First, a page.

Author:
• Saturday, September 15th, 2018

mahogany

Fasten your seatbelt as we ride through the world of mahogany! Our tour will be mostly about woods that are similar to mahogany, and sometimes referred to as “substitutes” for it, but are better considered on their own merits.

We start our journey with “genuine mahogany,” aka Swietenia macrophylla, big-leaf mahogany, Honduran mahogany, Central/South American mahogany, or if you want to live and buy dangerously, just call it “mahogany.” Just the name sounds, you know, classy. People, including people who buy furniture (such as you might build) but know nothing about wood, are almost always impressed by “mahogany.”

Note that in the rear-view mirror is Swietenia mahogani, aka Cuban mahogany, the best of them all, once used for building ships and furniture, but long since essentially unavailable. You might find a bit of it for sale that was rescued from the occasional tree downed in a storm in south Florida, and there is a plantation operation on a South Pacific island. I once read that it works like “cold butter,” and having had a tiny piece of the stuff some years ago, I can confirm that description.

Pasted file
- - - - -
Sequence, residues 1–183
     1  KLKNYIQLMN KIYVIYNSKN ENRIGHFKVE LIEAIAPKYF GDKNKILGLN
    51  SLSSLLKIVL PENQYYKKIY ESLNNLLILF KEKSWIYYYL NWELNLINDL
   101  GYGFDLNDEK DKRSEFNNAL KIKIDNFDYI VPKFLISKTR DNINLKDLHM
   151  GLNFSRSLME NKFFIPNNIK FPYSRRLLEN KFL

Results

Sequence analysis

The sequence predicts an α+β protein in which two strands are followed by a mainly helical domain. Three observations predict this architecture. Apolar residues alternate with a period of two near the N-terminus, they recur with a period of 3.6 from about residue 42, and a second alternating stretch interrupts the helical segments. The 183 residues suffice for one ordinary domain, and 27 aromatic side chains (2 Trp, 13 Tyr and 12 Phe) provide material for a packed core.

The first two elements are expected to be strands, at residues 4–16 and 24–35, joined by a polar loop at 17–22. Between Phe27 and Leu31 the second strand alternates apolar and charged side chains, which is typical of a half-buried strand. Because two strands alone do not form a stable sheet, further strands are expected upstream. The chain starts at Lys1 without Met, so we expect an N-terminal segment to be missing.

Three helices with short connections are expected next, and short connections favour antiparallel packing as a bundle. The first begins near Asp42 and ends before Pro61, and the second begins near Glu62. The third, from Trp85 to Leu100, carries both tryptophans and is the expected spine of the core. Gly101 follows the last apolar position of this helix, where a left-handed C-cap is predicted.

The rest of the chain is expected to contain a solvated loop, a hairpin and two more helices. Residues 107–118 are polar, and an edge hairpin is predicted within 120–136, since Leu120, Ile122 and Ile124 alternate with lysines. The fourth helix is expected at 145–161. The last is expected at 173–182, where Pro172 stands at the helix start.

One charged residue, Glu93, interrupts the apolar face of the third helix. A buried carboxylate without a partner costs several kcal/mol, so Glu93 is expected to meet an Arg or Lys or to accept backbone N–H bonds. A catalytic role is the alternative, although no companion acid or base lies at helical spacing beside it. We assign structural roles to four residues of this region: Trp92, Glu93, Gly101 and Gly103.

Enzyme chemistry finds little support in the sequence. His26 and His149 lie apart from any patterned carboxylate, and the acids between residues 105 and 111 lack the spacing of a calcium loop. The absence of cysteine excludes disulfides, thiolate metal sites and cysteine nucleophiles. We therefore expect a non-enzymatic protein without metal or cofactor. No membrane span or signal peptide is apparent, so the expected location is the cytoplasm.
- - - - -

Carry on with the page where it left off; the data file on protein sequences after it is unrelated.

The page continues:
But back to S. macrophylla. When it’s good, it has a lot going for it. Boards with good density and color are a pleasure to use in your projects. It usually planes easily on the flatsawn surface, while the quartersawn surface often exhibits attractive “ribbon-stripe” figure due to interlocked grain. This is difficult to plane but quite manageable with scraping and sanding. The wood is soft enough to saw and chisel easily but firm enough to hold detail.

The stability of mahogany is legendary. Radial shrinkage is 2.9%, tangential 4.3%, yielding an excellent T/R of 1.5, and paltry volumetric shrinkage of 7.5%.

Then there’s the chatoyance – that wonderful shimmery gleam, lovely but not overpowering – that mahogany does so well. You know, classy. A shellac and wax finish looks great.

Unfortunately, big-leaf mahogany is a big pain in the neck. Why? First, because it is expensive. I cannot find even the drabbest mahogany for less than $10 per board foot. Yet it is extremely variable in quality. Some boards in the bin will have that nice density and color, while others are junk wood – light in color and density, or often with defects. In fact, I suggest avoid buying mahogany in the rough; look for S2S or hit-or-miss planed stock.